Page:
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he mentions * Philip, who had four daughters, all of whom prophesied at Cæsarea. Now by prophesying, if we accept St. Paul's interpretation of it t, is meant a speaking to edification, and exhortation, and comfort, under the influence of the Holy Spirit. It was also a speaking to the church. It was also the speaking of one person to the church, while the others remained silent.
That women also preached or prophesied in the church of Corinth, the Quakers show from the testimony of St. Paul; for he states the manner in which they did it, or that they prayed and prophesied with their heads uncovered I.
That women also were ministers of the Gospel in other places, and that they were highly serviceable to the church, St. Paul confesses, with great satisfaction, in his Epistle to the Romans, in which he sends his salutation to different persons, for whom he professed an affection or an esteem. Thus: “ I commend unto you Phæbe, our sister, who is a servant of the church which is at Cenchrea S.” Upon this passage the Qua* Acts xxi. 9.
1 i Cor. xi. 5. † i Cor. xiv.
ģ Romans xvi. 1.
kers usually make two observations.
The first is, That the Greek word* which is translated servant should have been rendered “minister.” It is translated “minister," when applied by St. Paul to Timothy to denote this office t. It is also translated “minister" when applied to St. Paul and Apollost. And there is no reason why a change should : have been made in its meaning in the present case. The second is, That history has handed down Phæbe as a woman eminent for her Gospel-labours. “She was celebrated,” says Theodoret, “ throughout the world; for not only the Greeks and the Romans, but the Barbarians knew her likewise ."
St. Paul also greets Priscilla and Aquila. He greets them under the title of Fellowhelpers or Fellow-labourers in Jesus Christ. But this is the same title which he bestows upon Timothy to denote his usefulness in the church. Add to which, that Priscilla and Aquila were the persons of whom St. Luke says, that they assisted Apollos “ in
t i Thess. ill. c. i Cor. li. 5. $ In universâ terrâ celebris facta est; nec eai soli Romani, &c.
expounding expounding to him the way of God more
In the same Epistle, he recognises also other women, as having been useful to him in Gospel-labours. Thus: “Salute Tryphena, and Tryphosa, who labour in the Lord. Salute the beloved Persis, who laboured much in the Lord.”
From these, and from other observations which might be made upon this subject; the Quakers are of opinion, that the ministry of the women was as acceptable, in the time of the Apostles, as the ministry of the men. And as there is no prohibition against the preaching of women in the New Testament, they see no reason why they should not be equally admissible, and equally useful as ministers, at the present day.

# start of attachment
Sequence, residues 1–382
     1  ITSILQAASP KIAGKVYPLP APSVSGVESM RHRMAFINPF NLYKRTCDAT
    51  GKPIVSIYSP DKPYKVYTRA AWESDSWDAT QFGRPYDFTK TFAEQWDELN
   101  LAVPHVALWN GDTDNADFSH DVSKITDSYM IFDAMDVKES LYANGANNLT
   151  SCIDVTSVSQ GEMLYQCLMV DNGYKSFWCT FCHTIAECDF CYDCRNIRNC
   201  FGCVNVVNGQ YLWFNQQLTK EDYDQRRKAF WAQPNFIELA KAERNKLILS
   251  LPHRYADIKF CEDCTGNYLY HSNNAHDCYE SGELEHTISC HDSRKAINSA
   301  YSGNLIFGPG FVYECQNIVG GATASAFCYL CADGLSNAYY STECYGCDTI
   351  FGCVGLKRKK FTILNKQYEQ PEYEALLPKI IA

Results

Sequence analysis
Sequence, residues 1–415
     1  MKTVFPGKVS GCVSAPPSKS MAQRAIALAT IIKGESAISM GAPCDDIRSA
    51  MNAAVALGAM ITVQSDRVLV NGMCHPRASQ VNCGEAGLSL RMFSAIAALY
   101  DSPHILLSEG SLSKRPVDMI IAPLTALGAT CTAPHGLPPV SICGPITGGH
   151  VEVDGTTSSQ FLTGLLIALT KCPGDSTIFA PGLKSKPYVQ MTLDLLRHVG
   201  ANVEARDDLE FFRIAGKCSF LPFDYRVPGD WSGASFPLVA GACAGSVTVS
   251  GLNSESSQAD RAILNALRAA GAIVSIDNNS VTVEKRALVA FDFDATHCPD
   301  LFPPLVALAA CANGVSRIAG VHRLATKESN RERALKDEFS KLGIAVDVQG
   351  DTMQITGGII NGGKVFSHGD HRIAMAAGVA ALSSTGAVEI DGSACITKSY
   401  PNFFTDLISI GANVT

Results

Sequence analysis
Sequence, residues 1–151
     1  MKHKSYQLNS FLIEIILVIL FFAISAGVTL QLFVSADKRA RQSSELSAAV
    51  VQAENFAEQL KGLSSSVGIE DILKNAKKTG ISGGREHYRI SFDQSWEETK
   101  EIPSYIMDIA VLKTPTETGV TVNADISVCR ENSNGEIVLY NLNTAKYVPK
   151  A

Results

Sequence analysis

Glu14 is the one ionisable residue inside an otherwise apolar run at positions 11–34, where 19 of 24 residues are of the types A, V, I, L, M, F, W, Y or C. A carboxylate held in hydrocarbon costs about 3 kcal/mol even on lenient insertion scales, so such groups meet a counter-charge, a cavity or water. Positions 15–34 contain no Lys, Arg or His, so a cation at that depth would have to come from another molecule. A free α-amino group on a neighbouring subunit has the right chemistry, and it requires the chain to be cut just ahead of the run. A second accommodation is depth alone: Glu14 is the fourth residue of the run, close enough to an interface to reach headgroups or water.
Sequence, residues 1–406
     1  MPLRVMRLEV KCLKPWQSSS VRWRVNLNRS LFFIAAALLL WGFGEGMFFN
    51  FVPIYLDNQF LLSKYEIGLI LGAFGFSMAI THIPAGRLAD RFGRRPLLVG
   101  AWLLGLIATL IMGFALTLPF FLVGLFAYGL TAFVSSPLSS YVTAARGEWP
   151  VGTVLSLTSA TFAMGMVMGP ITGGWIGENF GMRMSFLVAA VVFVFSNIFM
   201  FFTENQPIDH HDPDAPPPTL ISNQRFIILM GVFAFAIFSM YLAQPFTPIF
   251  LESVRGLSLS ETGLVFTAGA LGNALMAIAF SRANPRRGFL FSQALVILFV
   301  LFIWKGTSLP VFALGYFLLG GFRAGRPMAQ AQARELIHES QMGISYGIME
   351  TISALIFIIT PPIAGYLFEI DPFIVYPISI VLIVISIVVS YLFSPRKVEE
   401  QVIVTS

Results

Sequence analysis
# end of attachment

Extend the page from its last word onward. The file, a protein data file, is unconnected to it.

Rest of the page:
* Acts xviii. 24. 26.
SECTION SECTION II.
Way in which Quakers are admitted into the mia
nistryWhen acknowledged, they preach, like other pastors, to their different congregations or meetings--they visit occasionally the different families in their own counties or quarterly meetings—Manner of these family-visits--sometimes travel as ministers through particular counties, or the kingdom at large--sometimes into foreign parls—Women share in these latours--Expense of voyages on such occasions defrayed out of the national stock.
The way in which Quakers, whether men or women, who conceive themselves to be called to the office of the ministry, are admitted into it, so as to be acknowledged by the Society to be ministers of the Quaker-church, is simply as follows: Any member has a right to rise ир
in the meetings for worship, and to speak publicly. If any one therefore should rise up and preach, who has never done so before, he is heard. The congregation are all witnesses of his doctrine. The Elders, however, who
present, and to whose province it more immediately belongs to
judge of the fitness of ministers, observe the tenour of his discourse. They watch over it for its authority; that is, they judge by its spiritual influence on the mind, whether it be such as corresponds with that which may
be presumed to come from the Spirit of God. If the new preacher deliver any thing that appears exceptionable, and continue to do so, it is the duty of the Elders to speak to him in private, and to desire him to discontinue his services to the church. But if nothing exceptionable occur, nothing is said to him, and he is allowed to deliver himself publicly at future meetings. In process of time, if after repeated attempts in the office of the ministry the new preacher should have given satisfactory proof of his gift, he is reported to the monthly meeting to which he belongs. And this meeting, if satisfied with his ministry, acknowledges him as a minister, and then recommends him to the meeting of ministers and elders belonging to the same.
No other act than this is requisite. He receives no verbal or written appointinent, or power, for the execution of the sacerdotal office. It may be observed also, that he neither